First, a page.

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What are the differences between Chapter 7 and Chapter 13?

With your mortgage payment, car payment, credit card payments, utilities and other monthly bills, you may not make enough money to cover them all.

You may be thinking about filing bankruptcy as a last resort, but you are unclear about the differences between Chapter 7 and Chapter 13. With this knowledge, you can make a decision as to which is better in your specific debt situation.

Chapter 7

Nearly 71 percent of the people who file bankruptcy file under Chapter 7. This is the simplest bankruptcy and gives you a fresh financial start in a reasonably short time. You must, however, meet income requirements in order to file for Chapter 7. 

One of the biggest advantages of a Chapter 7 is that it discharges virtually all of your consumer debt, including your credit card debt. In addition, Chapter 7’s automatic stay stops your creditors from harassing you by phone, email or otherwise for payment of their bills. The other major advantage is that you do not lose everything. Much of your property is exempt, such as the equity value in your home in most situations.

A major downside to Chapter 7, however, is that you may not be able to save your home from foreclosure. Chapter 7 allows you to forestall foreclosure proceedings that your lender has begun against you, but does not wipe out your mortgage balance. It gives you time to possibly get caught up on your mortgage payments, but if you cannot do that, your lender can restart the foreclosure proceedings.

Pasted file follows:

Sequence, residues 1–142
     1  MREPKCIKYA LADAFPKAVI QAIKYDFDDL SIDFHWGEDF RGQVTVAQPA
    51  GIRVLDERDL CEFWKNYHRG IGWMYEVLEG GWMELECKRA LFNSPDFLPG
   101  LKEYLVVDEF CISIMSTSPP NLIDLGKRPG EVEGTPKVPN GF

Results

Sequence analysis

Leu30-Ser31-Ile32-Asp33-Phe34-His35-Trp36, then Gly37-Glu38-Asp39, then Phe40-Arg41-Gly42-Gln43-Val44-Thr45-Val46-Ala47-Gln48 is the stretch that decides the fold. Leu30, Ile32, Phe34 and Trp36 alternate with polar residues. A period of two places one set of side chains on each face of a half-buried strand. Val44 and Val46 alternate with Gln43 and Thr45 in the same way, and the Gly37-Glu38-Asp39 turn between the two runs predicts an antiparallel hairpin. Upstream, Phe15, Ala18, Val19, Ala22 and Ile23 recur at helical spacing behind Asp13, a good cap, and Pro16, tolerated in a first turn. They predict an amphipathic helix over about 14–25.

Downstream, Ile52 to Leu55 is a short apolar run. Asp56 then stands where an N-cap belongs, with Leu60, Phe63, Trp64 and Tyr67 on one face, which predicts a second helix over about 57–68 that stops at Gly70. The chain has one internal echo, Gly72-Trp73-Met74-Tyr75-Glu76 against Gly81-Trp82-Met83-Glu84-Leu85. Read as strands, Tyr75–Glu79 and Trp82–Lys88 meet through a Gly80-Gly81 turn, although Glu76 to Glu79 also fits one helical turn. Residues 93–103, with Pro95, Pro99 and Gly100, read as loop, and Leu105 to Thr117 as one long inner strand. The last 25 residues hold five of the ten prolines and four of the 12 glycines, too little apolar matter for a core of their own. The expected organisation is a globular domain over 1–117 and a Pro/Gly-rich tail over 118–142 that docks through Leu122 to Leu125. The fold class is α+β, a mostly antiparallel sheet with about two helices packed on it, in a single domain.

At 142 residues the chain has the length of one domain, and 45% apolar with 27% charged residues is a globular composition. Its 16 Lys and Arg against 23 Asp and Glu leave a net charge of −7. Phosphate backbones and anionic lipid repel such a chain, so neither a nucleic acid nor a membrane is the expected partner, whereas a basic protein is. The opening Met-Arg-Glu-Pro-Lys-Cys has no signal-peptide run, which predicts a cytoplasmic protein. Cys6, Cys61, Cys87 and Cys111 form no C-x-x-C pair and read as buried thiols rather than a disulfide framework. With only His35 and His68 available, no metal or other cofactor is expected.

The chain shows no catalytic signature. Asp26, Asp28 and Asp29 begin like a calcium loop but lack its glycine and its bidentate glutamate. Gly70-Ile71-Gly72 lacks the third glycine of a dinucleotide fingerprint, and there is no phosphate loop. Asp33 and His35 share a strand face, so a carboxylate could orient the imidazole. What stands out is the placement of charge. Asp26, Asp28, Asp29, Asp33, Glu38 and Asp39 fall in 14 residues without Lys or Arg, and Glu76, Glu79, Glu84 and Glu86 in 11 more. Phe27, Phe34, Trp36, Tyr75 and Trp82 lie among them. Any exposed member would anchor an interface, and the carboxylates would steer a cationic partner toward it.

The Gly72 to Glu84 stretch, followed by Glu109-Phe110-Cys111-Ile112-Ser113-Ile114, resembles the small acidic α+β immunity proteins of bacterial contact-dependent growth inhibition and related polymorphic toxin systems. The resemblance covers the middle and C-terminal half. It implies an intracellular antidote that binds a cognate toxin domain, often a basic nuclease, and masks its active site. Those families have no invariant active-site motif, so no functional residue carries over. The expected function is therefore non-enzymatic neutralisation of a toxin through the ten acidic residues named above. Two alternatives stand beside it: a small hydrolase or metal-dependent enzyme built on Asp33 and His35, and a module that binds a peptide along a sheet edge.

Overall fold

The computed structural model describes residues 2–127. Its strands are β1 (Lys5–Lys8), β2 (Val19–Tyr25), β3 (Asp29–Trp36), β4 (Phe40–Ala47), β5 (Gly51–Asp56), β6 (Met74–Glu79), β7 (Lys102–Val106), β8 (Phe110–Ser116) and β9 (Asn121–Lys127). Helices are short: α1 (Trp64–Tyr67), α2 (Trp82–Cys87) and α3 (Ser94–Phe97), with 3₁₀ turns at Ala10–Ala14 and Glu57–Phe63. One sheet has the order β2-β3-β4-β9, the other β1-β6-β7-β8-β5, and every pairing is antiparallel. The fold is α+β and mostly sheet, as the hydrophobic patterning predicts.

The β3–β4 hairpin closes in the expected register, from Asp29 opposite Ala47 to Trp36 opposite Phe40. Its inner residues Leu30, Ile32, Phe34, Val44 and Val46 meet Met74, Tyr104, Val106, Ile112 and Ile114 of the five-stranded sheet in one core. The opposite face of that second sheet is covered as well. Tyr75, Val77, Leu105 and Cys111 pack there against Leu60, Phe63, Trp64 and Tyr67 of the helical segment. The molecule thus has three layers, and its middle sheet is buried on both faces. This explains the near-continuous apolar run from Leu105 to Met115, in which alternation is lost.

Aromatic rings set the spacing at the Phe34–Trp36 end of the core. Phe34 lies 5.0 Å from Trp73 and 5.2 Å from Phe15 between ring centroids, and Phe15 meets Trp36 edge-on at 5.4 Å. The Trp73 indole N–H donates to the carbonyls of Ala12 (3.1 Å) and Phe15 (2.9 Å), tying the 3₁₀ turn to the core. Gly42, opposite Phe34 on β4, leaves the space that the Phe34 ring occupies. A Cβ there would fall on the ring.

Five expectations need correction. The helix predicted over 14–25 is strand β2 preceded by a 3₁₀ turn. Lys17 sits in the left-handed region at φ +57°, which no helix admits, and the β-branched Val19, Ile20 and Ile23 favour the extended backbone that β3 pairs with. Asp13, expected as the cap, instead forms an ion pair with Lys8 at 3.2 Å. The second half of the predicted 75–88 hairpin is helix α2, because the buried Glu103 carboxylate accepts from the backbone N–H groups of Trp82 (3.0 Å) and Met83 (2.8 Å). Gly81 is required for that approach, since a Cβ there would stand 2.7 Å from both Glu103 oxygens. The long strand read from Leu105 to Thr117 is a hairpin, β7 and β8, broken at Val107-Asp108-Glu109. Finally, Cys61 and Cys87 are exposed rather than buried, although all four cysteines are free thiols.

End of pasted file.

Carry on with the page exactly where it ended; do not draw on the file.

Chapter 13

The major difference between Chapter 7 and Chapter 13 is that the latter is a reorganization effort. If you file for Chapter 13, you must come up with a plan, usually of from three to five years’ duration, whereby you continue to pay your debts.

You do, however, have the possibility of renegotiating debts to reduce their current outstanding balances, especially if you are “upside down” where your home and/or your car(s) are worth less than you still owe on them. You also may be able to reduce your monthly payments on other debts. Your bankruptcy trustee helps you construct the plan and the judge must approve it before it can go into effect.

Chapter 13 has the same automatic stay provision as Chapter 7 that stops your creditors from harassing you while you are developing your plan. The whole purpose of a Chapter 13 is to give you the time you need to catch up on debt payments and get back on your financial feet. 

Again, if you are thinking about bankruptcy, your best strategy is to talk with an experienced, knowledgeable bankruptcy attorney. 

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